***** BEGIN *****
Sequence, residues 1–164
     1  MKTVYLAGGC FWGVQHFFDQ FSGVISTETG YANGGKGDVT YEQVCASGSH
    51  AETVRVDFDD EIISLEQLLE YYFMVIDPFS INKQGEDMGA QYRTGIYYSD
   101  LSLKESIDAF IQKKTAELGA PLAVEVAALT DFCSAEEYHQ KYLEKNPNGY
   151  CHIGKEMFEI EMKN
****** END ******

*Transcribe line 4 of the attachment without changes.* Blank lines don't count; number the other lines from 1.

   101  LSLKESIDAF IQKKTAELGA PLAVEVAALT DFCSAEEYHQ KYLEKNPNGY